Hamstring Injured? Here’s What to Do Next

 Hamstring Injured? Here’s What to Do Next

Whether you’re a pro athlete, a weekend warrior, or just engaged in everyday activities like walking and bending, your hamstring — actually a group of three muscles that run along your upper thigh — is critical in allowing you to perform activities that require bending and extending your leg from your knee. 

Hamstring injuries are extremely common, and as we delve further into the types of hamstring injuries you can sustain, it’s easy to understand why.

Thanks to his uncommon empathy, extensive experience, and special expertise treating members of the New York Mets, Dr. Struan Coleman possesses an ideal combination of educational and hands-on skills for treating hamstring problems and a host of other injuries and conditions

Understanding common hamstring injuries and their severity levels

Hamstring injuries are classified by the severity of the tear you suffer. 

More severe injuries can also cause spasms, muscle stiffness after you cool down, or a palpable knot at the injury site along the back of your thigh. 

The most severe type of hamstring injury, which falls under a grade 3 classification, is an avulsion. This is when your tendon — which connects your muscle to your bone — not only tears away from your bone, but takes part of your bone along for the ride. 

What leads to a hamstring injury? 

You can suffer a hamstring tear or strain if you receive a blow to your thigh, as a result of overtraining, overstretching, or fatiguing your muscles; and when you neglect proper warmup techniques before training. You’re also at higher risk for re-injury if you've harmed your hamstring in the past or are involved with certain activities, like dancing and running.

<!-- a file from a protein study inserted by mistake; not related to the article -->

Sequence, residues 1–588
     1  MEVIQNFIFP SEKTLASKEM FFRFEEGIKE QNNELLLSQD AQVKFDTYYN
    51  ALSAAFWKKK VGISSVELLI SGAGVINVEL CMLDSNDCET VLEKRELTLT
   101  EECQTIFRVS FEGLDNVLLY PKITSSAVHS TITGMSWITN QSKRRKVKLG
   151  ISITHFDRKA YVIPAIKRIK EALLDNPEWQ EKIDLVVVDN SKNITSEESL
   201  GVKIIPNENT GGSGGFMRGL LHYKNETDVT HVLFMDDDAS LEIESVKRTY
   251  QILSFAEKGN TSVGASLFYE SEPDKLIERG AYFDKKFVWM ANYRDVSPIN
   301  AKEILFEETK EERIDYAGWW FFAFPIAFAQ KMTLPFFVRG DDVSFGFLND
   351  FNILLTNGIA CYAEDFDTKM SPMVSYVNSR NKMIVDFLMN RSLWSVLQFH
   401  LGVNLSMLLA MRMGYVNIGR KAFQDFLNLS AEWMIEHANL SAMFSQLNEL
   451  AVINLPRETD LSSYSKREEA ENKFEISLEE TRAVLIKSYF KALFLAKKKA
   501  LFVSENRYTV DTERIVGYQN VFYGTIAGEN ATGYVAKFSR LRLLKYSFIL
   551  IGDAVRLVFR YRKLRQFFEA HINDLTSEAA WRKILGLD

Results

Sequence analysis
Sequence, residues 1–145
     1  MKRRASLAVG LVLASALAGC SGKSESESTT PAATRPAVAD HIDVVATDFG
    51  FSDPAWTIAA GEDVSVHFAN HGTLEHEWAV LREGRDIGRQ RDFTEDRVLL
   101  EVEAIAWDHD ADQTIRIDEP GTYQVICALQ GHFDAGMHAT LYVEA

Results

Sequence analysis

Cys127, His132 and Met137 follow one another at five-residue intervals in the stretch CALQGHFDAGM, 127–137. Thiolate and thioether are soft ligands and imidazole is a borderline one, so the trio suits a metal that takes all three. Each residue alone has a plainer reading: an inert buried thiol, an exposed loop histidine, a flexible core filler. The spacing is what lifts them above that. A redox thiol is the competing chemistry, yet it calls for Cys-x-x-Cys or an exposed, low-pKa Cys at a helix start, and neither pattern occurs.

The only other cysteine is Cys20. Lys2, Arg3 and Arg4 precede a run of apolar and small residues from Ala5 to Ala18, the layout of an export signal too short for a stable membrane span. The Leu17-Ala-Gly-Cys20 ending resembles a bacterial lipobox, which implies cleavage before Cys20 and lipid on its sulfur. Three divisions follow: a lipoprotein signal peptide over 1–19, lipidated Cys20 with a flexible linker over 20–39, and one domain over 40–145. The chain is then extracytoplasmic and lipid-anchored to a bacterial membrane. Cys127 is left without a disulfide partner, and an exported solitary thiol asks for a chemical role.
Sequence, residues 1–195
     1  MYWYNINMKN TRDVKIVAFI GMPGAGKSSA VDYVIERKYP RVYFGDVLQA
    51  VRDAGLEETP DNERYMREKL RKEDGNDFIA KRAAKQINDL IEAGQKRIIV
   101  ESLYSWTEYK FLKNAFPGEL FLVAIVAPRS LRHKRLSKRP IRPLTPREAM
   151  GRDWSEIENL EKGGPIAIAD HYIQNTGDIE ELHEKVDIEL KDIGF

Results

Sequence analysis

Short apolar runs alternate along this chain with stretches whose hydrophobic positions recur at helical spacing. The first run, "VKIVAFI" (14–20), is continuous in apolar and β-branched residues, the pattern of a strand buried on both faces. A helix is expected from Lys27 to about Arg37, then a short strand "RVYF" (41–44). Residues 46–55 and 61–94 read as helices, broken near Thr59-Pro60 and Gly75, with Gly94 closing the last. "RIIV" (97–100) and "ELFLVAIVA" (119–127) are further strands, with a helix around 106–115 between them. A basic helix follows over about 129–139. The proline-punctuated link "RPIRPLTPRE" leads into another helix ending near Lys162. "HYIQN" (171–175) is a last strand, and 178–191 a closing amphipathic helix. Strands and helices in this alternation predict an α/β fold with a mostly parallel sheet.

Dr. Coleman frequently sees patients who maintain a high level of activity, despite their muscles being tight. This is a recipe for a hamstring tear. 

Once you experience the pain and mobility challenges caused by an injured hamstring, you’ll want relief and healing so you can go back to enjoying your regular activities, from walking and running to gardening and playing sports. 

How can I help my hamstring heal, and what if I need further treatment?

Dr. Coleman can help determine whether your hamstring injury will get better with at-home TLC, or if in-office interventions or a surgical procedure will be necessary to get you back to moving freely and without pain. He does this by speaking with you about your injury history, evaluating you thoroughly, and taking imaging tests. 

When you injure your hamstring, it’s best to give it the RICE treatment, or Rest, Ice, Compression, and Elevation. You may be amazed at what just resting your leg can do. 

Over-the-counter pain medications have their place too, as do topical pain relief products. Assistive devices like crutches can offer relief when walking becomes too challenging.

Dr. Coleman might also advise you to get treated by a physical therapist, who will help with strength and flexibility training. 

If you have a grade 3 tear or a particularly serious grade 2 tear, Dr. Coleman typically advises a surgical solution, which requires that he mend the muscle tissue and reconnect your muscle and bone. 

For an avulsion, Dr. Coleman takes out existing scar tissue, places your hamstring correctly again, and reattaches your muscle and tendon to your bone. To do this, he uses either staples or conventional stitches. 

Post-surgery, you embark on a several-week break to recover. Physical therapy can again play an important role in your healing, as it helps you regain strength, flexibility, and the ability to move fluidly again. Expect recovery to take weeks to months, but Dr. Coleman monitors your healing carefully so you can plan for a more active life again. 

We can help you get back out on the field, the tennis court, or just play with your kids in the yard after a hamstring injury — no matter how serious it is. Call our West Side, Locust Valley, or Philadelphia office to schedule an appointment, or reach out to us through our website.

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